Last week on our blog, Dr. Kate Wolin talked about screening for preventing two of the leading causes of cancer deaths in men. Guys, in addition to screenings there’s more you can do: Take charge and reduce your cancer risk (and other chronic diseases) before and after you go for those screenings.
Get moving. Physical activity reduces risk for colorectal cancer and it’s a lot more fun than a colonoscopy. Dust off the old tennis racquet, invest in a good pair of running shoes or take the family to the park and break out the Frisbee and football.
Eat more fruit. Watermelon, red grapefruit and guavas (also tomatoes, especially sauce and juice) are great choices because they contain a carotenoid called lycopene. Foods with lycopene can help reduce risk of prostate cancer. And fruits in general help lower risk for lung and oral cancers.
Lose the Spare Tire.Too much body fat ups your risk for colorectal, esophageal, kidney, pancreatic and gallbladder cancers. And, that expanding waist adds risk for some cancers and for type 2 diabetes and heart disease. Start with one change, like cutting your sugary beverages in half or filling half your plate with non-starchy vegetables first (think carrots, spinach or bell peppers). Then add a new healthy eating challenge each week. For ideas check out our 12-week New American Plate Challenge program.
Be Smart about Alcohol. Too much beer, wine or liquor and you’ve added more risk for colorectal, oral, esophageal and liver cancers. If you drink, limit yourself to no more than 2 drinks a day.
Whether you’re a dad, uncle, grandfather, son or nephew, taking care of yourself means you’re more likely to be able to take care of those who depend on you better and longer. Just a few simple steps can make all the difference.
Researchers used NHANES (National Health and Nutrition Examination Survey) data from 2001-2006 from obese participants who reported trying to lose weight in the preceding year. Forty percent reported losing at least 5% of their body weight.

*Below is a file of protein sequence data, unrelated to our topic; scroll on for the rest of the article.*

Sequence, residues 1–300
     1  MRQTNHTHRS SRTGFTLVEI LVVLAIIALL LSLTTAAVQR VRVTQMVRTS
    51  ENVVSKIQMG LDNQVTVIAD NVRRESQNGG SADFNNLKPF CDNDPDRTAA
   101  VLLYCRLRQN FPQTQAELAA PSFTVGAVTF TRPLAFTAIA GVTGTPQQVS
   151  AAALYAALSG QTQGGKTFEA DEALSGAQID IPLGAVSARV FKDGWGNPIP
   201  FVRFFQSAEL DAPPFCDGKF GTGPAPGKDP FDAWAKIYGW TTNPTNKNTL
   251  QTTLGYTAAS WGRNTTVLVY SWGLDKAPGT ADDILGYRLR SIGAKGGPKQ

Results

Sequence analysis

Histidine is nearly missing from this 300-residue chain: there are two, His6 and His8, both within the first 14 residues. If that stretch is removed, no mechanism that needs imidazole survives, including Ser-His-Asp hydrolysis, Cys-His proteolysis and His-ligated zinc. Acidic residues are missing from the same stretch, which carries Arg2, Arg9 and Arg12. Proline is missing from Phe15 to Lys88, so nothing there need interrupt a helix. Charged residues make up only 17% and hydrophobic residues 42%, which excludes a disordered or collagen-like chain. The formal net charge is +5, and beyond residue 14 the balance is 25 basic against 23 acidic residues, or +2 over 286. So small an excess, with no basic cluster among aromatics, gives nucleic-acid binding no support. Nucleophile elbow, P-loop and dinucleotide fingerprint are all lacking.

All participants reported strategies they used for weight loss from a list of 14 choices on the questionnaire. The researchers then analyzed which of these strategies linked to at least 5% weight loss.
The most common strategies associated with successful weight loss were eating less fat and exercising more. Although fewer people reported taking prescription weight loss pills, it was also linked to at least 5% weight loss. And joining a weight loss program was associated with a10% of weight loss. Read more… “↓Fat ↑Exercise = Successful Weight Loss”
The news that sugary drinks link to being overweight is not new. Back in 2007, AICR’s report concluded there was enough evidence on the link to recommend that we all avoid sugary beverages.
But suppose all you did was switch out a couple of your sweetened beverages for a diet soda or water? You may lose a few pounds, suggests a new study. The study is among a handful of randomized trials to look at how changing beverages effects weight loss.
The 318 study participants were all overweight and all drank over 200 calories per day of sugary beverages, such as sodas, sports drinks, and juice. Participants were randomly split into three groups: one group replaced their sweet beverages with water; another group replaced them with diet beverages; the third group, called the Healthy Choice group, was not directed to alter their beverages but they were given general weight-loss information at monthly meetings. (All three groups attended monthly meetings, which is when the two beverage-substituting groups received their drinks.) Read more… “Can Substituting Sweet Beverages Help You Lose Weight?”
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American Institute for Cancer Research
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